A lot of the big tasks are now finished, but there are still some major projects ahead.  I need to make windowsills for both windows, I have a special way that I’ve done to other windowsills in the house so it’s not as simple as nailing a board down and pouring half a bottle of shellac over it.  Which is how the current windowsills were done.

Desk Nook

And then there’s flooring.  The floor sags pretty badly in the middle and it’s a little spongy, so I have some structural work to do before I even put down a finished floor.  Currently, I’m walking on plywood panels that have been here since Nixon was president.  The good news is if it hasn’t caved in by now it probably won’t, but I’d like to at least try to shore it up a bit.


I finally have the desk fit into a little nook so that it doesn’t block any windows.  I not only have a nice view, but I get some natural light.  The green sleeping pad over there is for Inky, she loves it and sleeps there daily.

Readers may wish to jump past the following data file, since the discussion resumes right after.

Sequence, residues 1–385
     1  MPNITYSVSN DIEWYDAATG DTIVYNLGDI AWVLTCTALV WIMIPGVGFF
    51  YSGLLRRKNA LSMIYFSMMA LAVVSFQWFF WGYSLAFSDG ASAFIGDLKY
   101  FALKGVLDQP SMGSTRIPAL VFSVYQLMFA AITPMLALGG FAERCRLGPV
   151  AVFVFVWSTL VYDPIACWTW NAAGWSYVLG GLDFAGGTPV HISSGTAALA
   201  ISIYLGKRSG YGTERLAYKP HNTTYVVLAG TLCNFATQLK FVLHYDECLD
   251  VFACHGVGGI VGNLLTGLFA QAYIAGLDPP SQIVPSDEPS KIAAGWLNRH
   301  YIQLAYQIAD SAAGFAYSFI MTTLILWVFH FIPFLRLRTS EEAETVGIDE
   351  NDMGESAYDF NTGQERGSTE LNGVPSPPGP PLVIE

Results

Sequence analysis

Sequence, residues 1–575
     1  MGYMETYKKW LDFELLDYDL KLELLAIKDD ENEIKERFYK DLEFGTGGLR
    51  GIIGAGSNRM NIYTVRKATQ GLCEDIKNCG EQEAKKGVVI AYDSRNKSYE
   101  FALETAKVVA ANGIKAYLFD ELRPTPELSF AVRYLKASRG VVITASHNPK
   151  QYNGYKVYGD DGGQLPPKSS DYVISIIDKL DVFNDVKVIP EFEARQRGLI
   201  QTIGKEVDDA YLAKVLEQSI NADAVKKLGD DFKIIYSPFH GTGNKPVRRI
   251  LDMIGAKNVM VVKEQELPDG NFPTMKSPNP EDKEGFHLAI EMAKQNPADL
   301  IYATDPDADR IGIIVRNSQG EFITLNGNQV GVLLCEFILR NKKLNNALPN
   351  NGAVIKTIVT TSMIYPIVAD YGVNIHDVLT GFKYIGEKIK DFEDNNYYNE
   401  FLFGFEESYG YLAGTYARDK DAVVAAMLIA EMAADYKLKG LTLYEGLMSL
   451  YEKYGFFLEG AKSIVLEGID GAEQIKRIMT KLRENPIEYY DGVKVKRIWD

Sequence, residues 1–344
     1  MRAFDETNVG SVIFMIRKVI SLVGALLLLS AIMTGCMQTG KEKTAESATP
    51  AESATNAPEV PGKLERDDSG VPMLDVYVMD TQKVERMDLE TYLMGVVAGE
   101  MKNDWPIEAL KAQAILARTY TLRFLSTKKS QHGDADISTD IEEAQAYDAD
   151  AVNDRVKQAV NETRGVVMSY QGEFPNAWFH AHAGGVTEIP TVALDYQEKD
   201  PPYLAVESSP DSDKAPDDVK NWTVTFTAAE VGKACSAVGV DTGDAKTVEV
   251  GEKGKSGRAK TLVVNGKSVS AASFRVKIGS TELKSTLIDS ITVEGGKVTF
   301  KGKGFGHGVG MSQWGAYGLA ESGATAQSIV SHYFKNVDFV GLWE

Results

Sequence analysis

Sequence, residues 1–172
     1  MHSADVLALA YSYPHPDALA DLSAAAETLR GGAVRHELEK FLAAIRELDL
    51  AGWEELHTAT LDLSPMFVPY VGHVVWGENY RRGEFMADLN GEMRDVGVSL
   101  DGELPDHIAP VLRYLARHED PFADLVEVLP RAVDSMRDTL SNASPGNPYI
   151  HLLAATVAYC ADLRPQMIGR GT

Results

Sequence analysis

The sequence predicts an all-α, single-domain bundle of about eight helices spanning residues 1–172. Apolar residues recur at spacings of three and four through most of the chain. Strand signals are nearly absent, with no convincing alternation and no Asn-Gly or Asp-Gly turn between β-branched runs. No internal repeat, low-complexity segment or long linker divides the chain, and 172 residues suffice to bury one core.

Desk Nook 2

With the desk in a nook, it’s really opened up some space in the loft.  It’s not a big room at all and the A frame limits moving around very much.  In small houses it’s really important to make the best use of your space.  Or, be very small.  In fact, I bet this house is considered fairly large by cats, squirrels and mice.

Hobbit Door

The Hobbit Door is at last in place.  I love it.  The whole thing cost about $60 and almost half of that was the hinges.


There’s a bit of an unfinished corner up there.  And speaking of doors, I need to make some pocket doors for those storage area.  And see where that cheap bookshelf is?  I’m going to put a nice built-in bookshelf in its place, a bit bigger and with some better storage spaces.

Monkey Hooks